LINDA KOZFKAY V COUNTY OF SANILAC (Per Curiam Opinion)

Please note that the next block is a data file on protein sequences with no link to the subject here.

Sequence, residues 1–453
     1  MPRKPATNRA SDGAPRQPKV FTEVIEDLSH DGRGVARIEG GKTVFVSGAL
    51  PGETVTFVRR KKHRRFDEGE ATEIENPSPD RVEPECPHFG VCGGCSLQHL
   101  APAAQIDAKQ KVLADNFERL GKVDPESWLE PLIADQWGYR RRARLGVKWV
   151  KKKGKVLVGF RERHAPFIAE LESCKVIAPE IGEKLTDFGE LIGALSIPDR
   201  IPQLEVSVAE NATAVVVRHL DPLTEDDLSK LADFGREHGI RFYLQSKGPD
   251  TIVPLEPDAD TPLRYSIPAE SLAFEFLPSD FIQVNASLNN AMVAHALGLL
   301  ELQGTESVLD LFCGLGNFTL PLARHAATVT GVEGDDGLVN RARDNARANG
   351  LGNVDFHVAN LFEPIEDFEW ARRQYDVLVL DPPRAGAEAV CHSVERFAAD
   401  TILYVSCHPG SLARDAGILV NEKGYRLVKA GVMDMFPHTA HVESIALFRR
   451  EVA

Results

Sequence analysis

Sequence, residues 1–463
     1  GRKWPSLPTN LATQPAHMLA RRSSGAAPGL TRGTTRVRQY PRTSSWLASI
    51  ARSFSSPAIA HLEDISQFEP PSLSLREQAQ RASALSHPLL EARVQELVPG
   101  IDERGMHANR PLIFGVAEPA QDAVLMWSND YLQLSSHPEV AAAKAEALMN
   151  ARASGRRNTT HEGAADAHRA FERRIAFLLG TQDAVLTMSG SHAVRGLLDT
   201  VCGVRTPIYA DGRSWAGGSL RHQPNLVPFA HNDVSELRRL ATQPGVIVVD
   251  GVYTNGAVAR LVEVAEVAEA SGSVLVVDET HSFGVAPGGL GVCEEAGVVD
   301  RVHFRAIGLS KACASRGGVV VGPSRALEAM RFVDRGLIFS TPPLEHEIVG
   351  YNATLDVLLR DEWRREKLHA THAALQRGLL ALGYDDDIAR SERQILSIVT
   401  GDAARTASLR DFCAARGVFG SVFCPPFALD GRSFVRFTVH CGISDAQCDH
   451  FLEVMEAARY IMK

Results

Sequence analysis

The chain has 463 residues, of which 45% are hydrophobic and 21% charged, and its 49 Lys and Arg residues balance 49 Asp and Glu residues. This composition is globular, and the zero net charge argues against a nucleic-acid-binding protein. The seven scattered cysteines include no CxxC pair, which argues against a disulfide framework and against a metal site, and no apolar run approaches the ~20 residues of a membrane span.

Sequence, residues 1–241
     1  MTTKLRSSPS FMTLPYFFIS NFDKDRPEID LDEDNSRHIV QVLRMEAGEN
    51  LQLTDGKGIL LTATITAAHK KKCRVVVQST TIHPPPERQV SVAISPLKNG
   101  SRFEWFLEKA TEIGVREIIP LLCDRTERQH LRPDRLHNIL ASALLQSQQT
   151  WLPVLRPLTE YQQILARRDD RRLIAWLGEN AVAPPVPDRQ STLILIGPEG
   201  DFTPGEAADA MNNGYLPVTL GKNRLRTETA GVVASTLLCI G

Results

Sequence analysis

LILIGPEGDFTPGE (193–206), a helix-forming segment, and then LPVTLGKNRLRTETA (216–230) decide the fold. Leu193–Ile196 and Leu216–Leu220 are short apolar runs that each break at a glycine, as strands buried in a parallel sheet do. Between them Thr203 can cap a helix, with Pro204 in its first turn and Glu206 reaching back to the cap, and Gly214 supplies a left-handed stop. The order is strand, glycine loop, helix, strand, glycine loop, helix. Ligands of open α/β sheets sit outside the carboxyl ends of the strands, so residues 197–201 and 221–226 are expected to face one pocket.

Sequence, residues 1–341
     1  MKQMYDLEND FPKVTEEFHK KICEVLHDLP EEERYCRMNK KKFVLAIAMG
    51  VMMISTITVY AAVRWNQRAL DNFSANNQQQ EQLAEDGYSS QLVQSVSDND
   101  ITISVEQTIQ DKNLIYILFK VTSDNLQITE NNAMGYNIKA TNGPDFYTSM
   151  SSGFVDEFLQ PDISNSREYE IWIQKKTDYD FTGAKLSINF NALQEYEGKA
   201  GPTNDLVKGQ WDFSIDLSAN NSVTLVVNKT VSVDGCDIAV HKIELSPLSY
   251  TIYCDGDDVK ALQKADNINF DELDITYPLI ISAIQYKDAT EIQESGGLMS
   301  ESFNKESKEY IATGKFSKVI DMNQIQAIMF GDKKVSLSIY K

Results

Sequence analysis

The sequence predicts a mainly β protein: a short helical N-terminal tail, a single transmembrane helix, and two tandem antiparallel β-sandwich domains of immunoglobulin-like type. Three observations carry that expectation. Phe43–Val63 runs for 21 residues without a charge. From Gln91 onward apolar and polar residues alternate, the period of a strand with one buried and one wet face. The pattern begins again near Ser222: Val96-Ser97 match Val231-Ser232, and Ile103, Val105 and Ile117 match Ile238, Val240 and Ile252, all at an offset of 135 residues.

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STATE OF MICHIGAN COURT OF APPEALS LINDA KOZFKAY, TINA ROFF, LYNDA GRAVES and JAMES BOWERMAN, UNPUBLISHED November 22, 2016 Plaintiffs-Appellees, v No. 329116 Sanilac Circuit Court LC No. 14-035947-CK COUNTY OF SANILAC, Defendant-Appellant. Before: BECKERING, P.J., and HOEKSTRA and OWENS, JJ. PER CURIAM. This case involves a contract dispute between plaintiffs, four current and former elected or appointed officials of Sanilac County, and the defendant county. On June 4, 2015, the circuit court ordered summary disposition in favor of plaintiffs under MCR 2.116(C)(10) (no genuine issue of material fact, and moving party entitled to judgment as a matter of law), and on August 17, 2015, the court entered a judgment in favor of plaintiffs. Defendant appeals as of right from the August 17, 2015 judgment. For the reasons stated below, we affirm. I. STATEMENT OF FACTS The relevant facts are undisputed. On October 31, 2000, defendant’s board of commissioners agreed to pay “full premium” to provide comprehensive health, dental, and vision insurance benefits to full-time and regular part-time appointed and elected officials, retirees, and their spouses and legal dependents.1 When a dispute arose regarding interpretation of the 2000 agreement, the parties entered into a second agreement on May 18, 2005 (hereinafter the “2005 Agreement”), which provides in relevant part: Whereas a difference of opinion has arisen concerning the interpretation of a certain document dated October 31, 2000 relative to health insurance benefits for current and retired Elected and Appointed Officials of the County of Sanilac; 1 The commissioners also agreed to certain pension provisions, but these are not in dispute. -1- and whereas the parties have discussed in good faith and each having given up certain claims in return for the establishment of others; IT IS HEREBY ACKNOWLEDGED by and between the Sanilac County Board of Commissioners and the undersigned Elected and Appointed Officials of Sanilac County as follows: The County will pay the full premium to provide Blue Cross Blue Shield CB12 150/300—10/20/30 RX co-pay. The dental and vision plan in effect in 2004 will continue. This benefit will be provided to all full-time elected and appointed officials, spouses and dependents, as well as retirees who were employed as an elected or appointed official between January 1, 2000 and July 1, 2005. Those current or retired elected and appointed officials who do not participate in the health, dental and vision plan shall be entitled to a buyout equal to fifty percent (50%) of the appropriate premium for which they are eligible i.e.: single, two person, full family. The Board of Commissioners will provide to retirees of this group health insurance under the terms of whatever respective health plan is in place at that time for current employees. The Board, from time to time, may change deductibles and co-pays and changes in plans in accordance with accepted procedures. Whatever plan is in effect for any full-time employees of Sanilac County covered by a collective bargaining agreement will be provided to the retiree. If a plan and/or its coverage is changed for these employees, it will also change for those elected and appointed retirees. The Board may change the carrier at any time even though a specific carrier has been identified previously. The coverages resulting from any change in carriers must be equivalent to or better than any bargaining unit plan should they be different that [sic] the Blue Cross Blue Shield CB12 150/300, 10/20/30 Rx. No change in a health plan may occur unless the elected and appointed officials have been consulted. * * * Future modifications of this accord requires the consent of the parties. Changes in health insurance plans shall not require a modification of this accord. Consent of the Elected and Appointed Officials shall be established by a majority vote of said officials who are employed in that capacity between January 1, 2000 and July 1, 2005 and the Board of Commissioners by resolution. -2- The 2005 Agreement was executed by the Chairman of the Sanilac County Board of Commissioners and all full-time elected and appointed officials who served between January 1, 2000 and July 1, 2005, including plaintiffs.2 On July 1, 2014, defendant modified the 2005 Agreement’s buyout provision unilaterally, limiting the post-employment health, dental, and vision buyout provision to $1,200 per year ($100 per month) for single coverage, and $2,400 per year ($200 per month) for double and family coverage. In a letter to those affected by the modification, defendant explained that the change aligned the Agreement’s buyout provision for retirees and former employees with the buyout provision available to “active elected and appointed officials and TPOAM[3]bargaining unit members.” The modification became effective on August 1, 2014, after which defendant began compensating plaintiffs accordingly. Plaintiffs filed a complaint on December 19, 2014. In Count I, they alleged breach of contract based on defendant’s unilateral modification of the buyout provision in violation of the 2005 Agreement’s express terms regarding modification. In Count II, they asked the court for declaratory relief in the form of a judgment concluding that the terms of the 2005 Agreement prohibited defendant from unilaterally modifying the buyout provision relative to retiree’s vested contractual rights. In its January 9, 2015 answer, defendant denied that modification of the buyout provision in the 2005 Agreement was improper, that modification constituted a breach of its promises to plaintiffs, and that the modification has harmed plaintiffs. In addition, defendant asserted as affirmative defenses that plaintiffs had failed to state a claim upon which relief could be given, and that their claim may be barred in whole or in part by the doctrines of waiver, estoppel, the applicable statute of limitations, or the doctrine of laches. On March 2, 2015, plaintiffs filed a motion and supporting brief for summary disposition pursuant to MCR 2.116(C)(10). Plaintiffs alleged that defendant’s answer admitted the existence of the 2005 Agreement and that defendant was no longer adhering to the terms of the Agreement, and they asserted that because there was no genuine issue of material fact, it was a matter for the court to determine whether a breach of contract had occurred. In their supporting brief, plaintiffs argued that neither the buyout provision nor the modification provision was ambiguous, that defendant had not asserted that the 2005 Agreement was invalid, that the reduced payments to plaintiffs represented a modification of the 2005 Agreement, and that plaintiffs had not consented to the modification. Plaintiffs attached a copy of the 2005 Agreement as exhibit A, and a July 1, 2014 letter from defendant to plaintiff Tina Roff informing her of the modification that was to take effect on August 1, 2014, as exhibit B. Defendant responded to plaintiffs’ summary disposition motion with two arguments. Defendant first asserted that, in a conversation with County Administrator Kathleen Dorman prior to modification of the Agreement, plaintiff Linda Kozfkay “conceded and impliedly 2 Plaintiffs are a subset of the elected and appointed officials who signed as parties to the agreement. 3 Technical, Professional, and Officer Workers Association of Michigan. -3- admitted” that defendant could modify the Agreement unilaterally.4 Defendant also pointed to a provision in the contract that it claimed suggested that the parties’ intention was for retirees to receive the same benefits as current elected and appointed officials. In combination, defendant contended, these two statements created a genuine issue of material fact with regard to the Agreement’s meaning. Defendant next asserted that summary disposition was premature because discovery had not begun, and that there was a fair likelihood that discovery would produce evidence favorable to defendant’s position regarding the parties’ intent and the Agreement’s latent ambiguity. The parties reiterated their positions at the April 6, 2015 hearing on plaintiffs’ summary disposition motion. In a written opinion issued subsequent to the hearing, the trial court found the language of the 2005 Agreement to be unambiguous: plaintiffs were entitled to 50% of the healthcare premiums for which they were eligible, and modification of the method of compensating those who opt out of the health insurance plan required the consent of the parties. The court rejected defendant’s argument that plaintiff Kozfkay’s statement suggested a latent ambiguity, finding that “no ambiguity arose from the contract at issue when applied to the parties involved.” The court stated that, “[t]he accord is a clear, coherent whole, both on the face of the document and when applied to the parties, and Defendant breached the plain terms of the agreement.” Regarding defendant’s argument that summary disposition was premature because discovery had not occurred, the trial court acknowledged that summary disposition generally is not warranted prior to the close of discovery, but, here, “[t]he terms of the agreement are clear, and discovery would not aid in interpretation.” II. ANALYSIS A. STANDARD OF REVIEW Defendant first contends on appeal that the trial court erred in granting summary disposition because an ambiguity in the 2005 Agreement created a genuine issue of material fact as to its meaning, and because summary disposition was improper given that discovery had not occurred. We disagree. 4 According to an affidavit signed by Dorman, then-County Clerk Kozfkay was present at closed-door commissioners meetings between July 9, 2013 and October 8, 2013, when reducing the healthcare buyout for current elected and appointed officials of the county was discussed. Dorman attested that, subsequent to a July 9, 2013 meeting, Kozfkay told her that she intended “to retire rather than continue as a Sanilac County official under the proposed change in the buyout for current Elected and Appointed Officials.” Defendant contended that Kozfkay’s statement constitutes an implied admission that defendant could modify the buyout provision in the 2005 Agreement unilaterally. Defendant reasoned that, because Kozfkay’s statement indicated her belief that she would be subject to modification of the buyout provision if she remained an active employee, she impliedly admitted that defendant could modify the agreement unilaterally. -4- We review a trial court's decision on a motion for summary disposition de novo. Auto Club Group Ins Co v. Burchell, 249 Mich App 468, 479; 642 NW2d 406 (2002). A motion for summary disposition under MCR 2.116(C)(10) tests the factual sufficiency of a claim. Smith v Globe Life Ins Co, 460 Mich 446, 454; 597 NW2d 28 (1999). “[T]he moving party has the initial burden of supporting its position by affidavits, depositions, admissions, or other documentary evidence,” and then the burden shifts “to the opposing party to establish that a genuine issue of disputed fact exists.” Quinto v Cross & Peters Co, 451 Mich 358, 362; 547 NW2d 314 (1996) (citations omitted). “Where the burden of proof at trial on a dispositive issue rests on a nonmoving party, the nonmoving party may not rely on mere allegations or denials in pleadings, but must go beyond the pleadings to set forth specific facts showing that a genuine issue of material fact exists.” Id. If the opposing party fails to present documentary evidence establishing the existence of a material factual dispute, the motion is properly granted. Id. at 363. B. AMBIGUITY “The cardinal rule in the interpretation of contracts is to ascertain the intention of the parties. To this rule all others are subordinate.” City of Grosse Pointe Park v Michigan Muni Liab & Prop Pool, 473 Mich 188, 197; 702 NW2d 106 (2005) (quotation marks and citation omitted). “[I]f the language of the contract is clear and unambiguous, it is to be construed according to its plain sense and meaning; but if it is ambiguous, testimony may be taken to explain the ambiguity.” Id. at 198 (quotation marks and citation omitted). Courts “will not create ambiguity where the terms of the contract are clear.” Id. “An ambiguity may either be patent or latent.” Shay v Aldrich, 487 Mich 648, 667; 790 NW2d 629 (2010). A patent ambiguity is one that clearly appears on the face of the document at issue and “arises from the defective, obscure, or insensible language used.” In re Kremlick Estate, 417 Mich 237, 240; 331 NW2d 228 (1983) (quotation marks and citation omitted). A latent ambiguity, however, is one “that does not readily appear in the language of a document, but instead arises from a collateral matter when the document's terms are applied or executed.” Shay, 487 Mich at 668 (quotation marks and citation omitted). Extrinsic evidence is admissible to prove and to resolve the existence of a latent ambiguity. City of Grosse Pointe Park, 473 Mich at 198. Thus, “where a latent ambiguity exists in a contract, extrinsic evidence is admissible to indicate the actual intent of the parties as an aid to the construction of the contract.” Id. (quotation marks and citation omitted). In re Kremlick illustrates the principles at work in determining and resolving latent ambiguities. The case involved the interpretation of a will in which the testator instructed the executor to divide the residue of his estate equally between the Michigan Cancer Society and the Salvation Army. In re Kremlick, 417 Mich at 239. Although the language of the will was clear on its face, a dispute arose concerning whether, by “Michigan Cancer Society,” the testator had meant an entity of the same name affiliated with the Michigan Cancer Foundation, or the American Cancer Society, Michigan Division. Id. at 239, 241. Extrinsic evidence was admissible to prove the existence of and to resolve this latent ambiguity, and the American Cancer Society presented an affidavit from the executor of the Kremlick estate in which she “asserted that the intended beneficiary was the American Cancer Society, Michigan Division, instead of the Michigan Cancer Society . . . .” Id. at 241. The affiant further recounted “she had -5- discussed the provisions of Mr. Kremlick’s will with him on many occasions, and that he frequently had mentioned that the American Cancer Society was to be a beneficiary.” Id. The American Cancer Society “also sought to establish that Mr. Kremlick previously had made substantial direct contributions to the American Cancer Society, that the society had helped his wife when she was dying of cancer, and that at the time of her death he requested memorials to the American Cancer Society.” Id. at 241. The Supreme Court observed that this was “the very kind of information that may be used both to establish an ambiguity and to help resolve it,” and concluded that the American Cancer Society “should have been given the opportunity to do that.” Id. In the instant case, defendant does not argue that adherence to the language of the 2005 Agreement reveals that it is susceptible to more than one meaning. Nor does Kozfkay’s purported statement reveal an undetected ambiguity in the language of the contract, as did the evidence submitted by the American Cancer Society to show that Mr. Kremlick had intended a portion of the residue of his estate to benefit the Society’s Michigan Division. In re Kremlick, 417 Mich at 241. Rather, defendant’s use of Kozfkay’s statement constitutes an attempt to subvert the intent expressed in the 2005 Agreement’s unambiguous language. However, before extrinsic evidence can be admitted to prove the parties’ intent, there first must be shown that the language of the document, when applied, is susceptible to more than one meaning. City of Grosse Pointe Park, 473 Mich at 198. Defendant has not shown that Kozfkay’s statement of her intent to retire rather than be subject to the board’s proposed changes establishes that the 2005 Agreement’s provision stating that “[f]uture modifications of this accord requires the consent of the parties” might mean something other than what it says. Defendant also argues that the 2005 Agreement is latently ambiguous because words are susceptible to multiple meanings, and “parties to a contract may adopt a glossary that completely alters the meaning of the words utilized.” However, in order to survive a (C)(10) summary disposition motion, defendant had to do more than theorize about language and speculate about the parties’ possible use of a code. See Libralter Plastics, Inc v Chubb Group of Ins Cos, 199 Mich App 482, 486; 502 NW2d 742 (1993) (stating that “parties opposing a motion for summary disposition must present more than conjecture and speculation to meet their burden of providing evidentiary proof establishing a genuine issue of material fact”). It had to present specific documentary evidence that created a genuine issue of material fact that the parties had drafted the contract using language in a nonobvious way. Quinto, 451 Mich at 362. Defendant presented no such evidence. Further, Kozfkay’s statement arguably is not an “implied admission.” An admission is an acknowledgment that facts are true, and an “implied admission” is an admission that may be reasonably inferred from a party’s actions or statements. Black’s Law Dictionary, (10th ed), p 56. Defendant’s argument fails because the implied admission it infers from Kozfkay’s statement is speculative rather than reasonable. See Libralter Plastics, Inc v Chubb Group of Ins Cos, 199 Mich App 482, 486; 502 NW2d 742 (1993) (stating that “parties opposing a motion for summary disposition must present more than conjecture and speculation to meet their burden of providing evidentiary proof establishing a genuine issue of material fact”). In their brief to this Court, plaintiffs accurately note that Dorman’s affidavit says nothing regarding the means by which the board planned to modify the buyout provision for elected and -6- appointed officials. Dorman attested that, at the closed-door meetings attended by her and Kozfkay, the board “discussed reducing the healthcare buyout for current Elected and Appointed Officials of Sanilac County[,]” and that Kozfkay intended “to retire rather than continue as a Sanilac County official under the proposed change in the buyout . . . .” Nothing in Dorman’s affidavit signals that the board intended to modify the buyout provision of the 2005 Agreement unilaterally. The affidavit permits the reasonable inference that Kozfkay preferred to retire and continue receiving as a buyout 50% of the insurance premium for which she was eligible instead of to continue working and receive the flat buyout amount, regardless of how the board sought to bring about the change in the buyout amount. Because it would be reasonable to assume that the board intended to comply with the modification provision in the 2005 Agreement, one might also reasonably infer that Kozfkay thought her colleagues would consent to the board’s proposed modification. Even if Kozfkay knew that the board intended a unilateral modification, one cannot reasonably infer from her statement that she thought the board within its rights to do so. Defendant’s interpretation of Kozfkay’s statement as an “implied admission” that defendant could unilaterally modify the Agreement may be “consistent with known facts or conditions, but [it is] not deducible from them as a reasonable inference.” Libralter Plastics, Inc 199 Mich App at 486. Such conjecture cannot provide evidence of a genuine issue of material fact. Id. Defendant further argues that the Agreement is patently ambiguous because it contains no express duration. Because defendant did not preserve this issue in the trial court, it is not properly before us and we need not address it. Progressive Timberlands, Inc v R & R Heavy Haulers, Inc, 243 Mich App 404, 411; 622 NW2d 533 (2000). Even if we were to address it, we would find no merit in defendant’s argument. A patent ambiguity is an ambiguity that appears on the face of the document at issue and “arises from the defective, obscure, or insensible language used.” In re Kremlick Estate, 417 Mich at 240 (quotation marks and citation omitted). Accordingly, it is illogical to conclude that an absent provision could create a patent ambiguity. In addition, although defendant contends that the contract’s operation for nine years is “more than enough time,” defendant fails to provide any rationale or authority to support this assertion. Further, even if nine years is “more than enough time,” this Court has recently held that “ ‘ “vested retirement rights may not be altered without the [retiree’s] consent.” ’ ” Harper Woods Retirees Ass’n v Harper Woods, 312 Mich App 500, 511; 879 NW2d 897 (2015), quoting Butler v Wayne Co, 289 Mich App 664, 672; 798 NW2d 37 (2010), quoting Allied Chem & Alkali Workers of America v Pittsburgh Plate Glass Co, 404 US 157, 181 n 20; 92 S Ct 383; 30 L Ed 2d 341 (1971) (alteration omitted). Under this ruling, even if defendant could alter the 2005 Agreement’s buyout provision unilaterally, it could not unilaterally alter the provision relative to those retirees with a vested contractual right in the disputed benefit. See id. In short, defendant has produced no evidence to create a genuine issue of material fact with respect to whether the contract is ambiguous. C. REMAINING ISSUES Defendant next argues that the trial court erred in granting summary disposition to plaintiffs because the 2005 Agreement is not for a proper subject matter, was entered into by parties incompetent to contract, and lacked legally valid consideration, and, therefore, is void, voidable, or unenforceable. Because defendant did not raise these issues in the trial court, they come to this Court unpreserved. Fast Air, Inc v Knight, 235 Mich App 541, 549; 599 NW2d 489 (1999) (indicating that an issue is preserved for appeal if it was “raised in and decided by the trial -7- court”). In addition, because these are affirmative defenses that defendant failed to raise in accordance with MCR 2.111(F)(3),5 they are also waived. Defendant’s contention that the issues are not waived because defendant implicitly incorporated them into its failure-to-state-a-claim affirmative defense overlooks the purpose of pleading affirmative defenses in accordance with MCR 2.111(F), which is to provide for factual pleadings sufficient to give the plaintiff notice of the affirmative defenses alleged. Hanon v Barber, 99 Mich App 851, 855-856; 298 NW2d 866 (1980).6 Employing “failure to state a claim” as an umbrella under which all other affirmative defenses find shelter fails to put plaintiffs on notice regarding precisely which affirmative defenses are alleged. See id. Further, “failure to state a claim” is an exception to the general rule that affirmative defenses not timely raised are waived. MCR 2.111(F)(2). This distinction between affirmative defenses that are waived if not pled, and the failure-to-state-a-claim exception strongly suggests that the latter does not serve as an umbrella for the former. Were it otherwise, the exception would swallow the rule. For these reasons, we reject defendant’s argument that these specific affirmative defenses were included in its general affirmative defense of failure to state a claim upon which relief can be granted. Even if defendant had not waived these issues, we would find them to be without merit. Defendant contends that the 2005 Agreement is not for a proper subject matter because it extends beyond the term of the board that approved it and restricts the current board’s exercise of its governmental function. Governmental function refers to “[a] government agency’s conduct that is expressly or impliedly mandated or authorized by constitution, statute, or other law and that is carried out for the benefit of the general public.” Black’s Law Dictionary (10th ed), p 812. Examples of governmental functions include passing, enacting, or repealing legislation or fixing salaries, Atlas v Wayne Co Bd of Auditors, 281 Mich 596, 599; 275 NW 507 (1937), and selecting and appointing certain administrators, see City of Hazel Park v Potter, 169 Mich App 714, 722; 426 NW2d 789 (1988). A governing body may not enter into contracts that restrict subsequent bodies in the exercise of their governmental powers. See id. at 719-722. By contrast, 5 MCR 2.111(F)(3) states in relevant part: Affirmative defenses must be stated in a party’s responsive pleading, either as originally filed or as amended in accordance with MCR 2.118. Under a separate and distinct heading, a party must state the facts constituting (a) an affirmative defense, such as contributory negligence; the existence of an agreement to arbitrate; assumption of risk; payment; release; satisfaction; discharge; license; fraud; duress; estoppel; statute of frauds; statute of limitations; immunity granted by law; want or failure of consideration; or that an instrument or transaction is void, voidable, or cannot be recovered on by reason of statute or nondelivery. [Emphasis added.] 6 Hanon refers to GCR 1963, 111, the basis for MCR 2.111. -8- a governing body may enter into contracts that bind its successor(s) in the exercise of its proprietary and business powers. See Harbor Land Co v Grosse Ile Twp, 22 Mich App 192, 205-206; 177 NW2d 176 (1970). Although defendant asserts that the 2005 agreement involves a governmental function, its point is not supported by the examples of governmental functions in the authorities defendant quotes, nor does defendant offer any persuasive rationale as to how the agreement benefits the general public. Defendant fails to provide any evidence that would create a genuine issue of material fact on this issue, or the authority necessary for us to conclude that plaintiffs’ were not entitled to summary disposition as a matter of law. Equally unavailing is defendant’s claim that the agreement is voidable because plaintiffs were not competent to contract because they engaged in collective bargaining in violation of MCL 423.2(e), which expressly excludes “executives” from the definition of “employee” as used by the Michigan Employment Relations Commission (MERC). “Collective bargaining” is the performance of the mutual obligation of the employer and representatives of the employees to meet at reasonable times and confer in good faith with respect to wages, hours, and other terms and conditions of employment, or the negotiation of an agreement or any question arising under a collective bargaining agreement. MCL 423.15(1). Defendant offers no evidence in support of its claim that plaintiffs engaged in “collective bargaining” as described by this statute. There is no evidence that plaintiffs were part of or attempted to form a recognized collective bargaining unit. The only record evidence relative to defendant’s claim is the 2005 Agreement bearing the individual signatures of each party. As plaintiffs aptly observe, to accept defendant’s argument would be to assume that all multi-party contracts are the result of “collective bargaining” as that term is used in the Labor Mediation Act, MCL 423.1 et seq. Given that defendant has produced no evidence indicating that the 2005 agreement was anything other than an agreement negotiated by defendant with the signatories to the agreement, its argument that the 2005 agreement is void because plaintiffs were incompetent to contract fails. Finally, defendant argues that the Agreement fails for lack of consideration. “To have consideration there must be a bargained-for exchange. There must be a benefit on one side, or a detriment suffered, or service done on the other. Courts do not generally inquire into the sufficiency of consideration. It has been said a cent or a pepper corn, in legal estimation, would constitute valuable consideration. [Gen Motors Corp v Dep’t of Treasury, Revenue Div, 466 Mich 231, 238-239; 644 NW2d 734 (2002) (quotation marks and citations omitted).] A recital of consideration in a contract creates a rebuttable presumption that consideration has passed. See Bd of Control of Eastern Mich Univ v Burgess, 45 Mich App 183, 185-186; 206 NW2d 256 (1973). The presumption of consideration may be rebutted by evidence showing a lack of consideration, Hobbs v Brush Electric Light Co, 75 Mich 550; 42 NW 965 (1889), or showing what the real consideration was, Higgins v McGill, 207 Mich 570; 175 NW 410 (1919). The record shows that the parties entered into the 2005 Agreement in order to resolve differences of opinion regarding the interpretation of their 2000 agreement. Our brief comparison of the two contracts reveals that elected and appointed officials gave up any claim to a specific carrier and plan created by the 2000 agreement, as well as to employer-paid coverage for their dependents, while ensuring that they would continue to have at least comparable -9- coverage. Plaintiffs also obtained the benefit of the modification clause. In exchange, defendant obtained cost savings and greater freedom in making changes to the health benefits offered to elected and appointed officials, while giving up any claimed right to modify the Agreement unilaterally. Both parties continued to enjoy the benefits and suffer the detriments of the buyout provision; plaintiffs received money but gave up health insurance coverage, while defendant paid out money, but only half of what healthcare premiums would have cost. Based on the forgoing, we cannot say that defendant has rebutted the presumption that valid consideration supports the Agreement. See Gen Motors Corp, 466 Mich at 238-239. We conclude that defendant has not presented evidence sufficient to create a genuine issue of material fact regarding the 2005 Agreement’s alleged ambiguity. Generally, a motion for summary disposition brought under MCR 2.116(C)(10) is not properly granted before the close of discovery. Comerica Bank v Cohen, 291 Mich App 40, 54; 805 NW2d 544 (2010). However, “summary disposition may . . .be appropriate if further discovery does not stand a reasonable chance of uncovering factual support for the opposing party’s position.” Id. (quotation marks and citation omitted). Such is the case here, where the language of the modification clause of the 2005 Agreement is clear and unambiguous. Consequently, we affirm the trial court’s order. Affirmed. /s/ Jane M. Beckering /s/ Joel P. Hoekstra /s/ Donald S. Owens -10-